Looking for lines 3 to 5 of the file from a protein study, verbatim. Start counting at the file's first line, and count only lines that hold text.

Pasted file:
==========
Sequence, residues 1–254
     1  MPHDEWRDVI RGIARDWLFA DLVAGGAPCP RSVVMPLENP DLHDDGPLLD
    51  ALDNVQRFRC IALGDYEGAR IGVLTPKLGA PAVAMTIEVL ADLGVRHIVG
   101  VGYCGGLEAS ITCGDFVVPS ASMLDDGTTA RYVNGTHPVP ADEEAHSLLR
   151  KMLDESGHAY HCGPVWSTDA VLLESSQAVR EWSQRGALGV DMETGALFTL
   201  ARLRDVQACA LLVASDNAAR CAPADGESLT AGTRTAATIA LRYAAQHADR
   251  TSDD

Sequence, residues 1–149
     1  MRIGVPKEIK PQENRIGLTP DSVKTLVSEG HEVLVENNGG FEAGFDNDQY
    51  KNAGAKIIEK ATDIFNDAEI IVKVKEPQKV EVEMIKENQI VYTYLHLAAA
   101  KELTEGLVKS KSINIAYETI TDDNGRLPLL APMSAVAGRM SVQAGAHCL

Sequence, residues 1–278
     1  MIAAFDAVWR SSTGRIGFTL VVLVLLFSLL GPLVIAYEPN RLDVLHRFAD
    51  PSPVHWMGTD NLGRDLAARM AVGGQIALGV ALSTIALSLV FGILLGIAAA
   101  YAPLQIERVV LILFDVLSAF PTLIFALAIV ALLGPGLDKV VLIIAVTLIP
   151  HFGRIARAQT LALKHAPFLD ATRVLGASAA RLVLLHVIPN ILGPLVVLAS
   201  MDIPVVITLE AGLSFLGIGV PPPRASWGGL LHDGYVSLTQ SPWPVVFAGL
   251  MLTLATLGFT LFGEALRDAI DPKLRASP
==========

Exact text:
    51  ALDNVQRFRC IALGDYEGAR IGVLTPKLGA PAVAMTIEVL ADLGVRHIVG
   101  VGYCGGLEAS ITCGDFVVPS ASMLDDGTTA RYVNGTHPVP ADEEAHSLLR
   151  KMLDESGHAY HCGPVWSTDA VLLESSQAVR EWSQRGALGV DMETGALFTL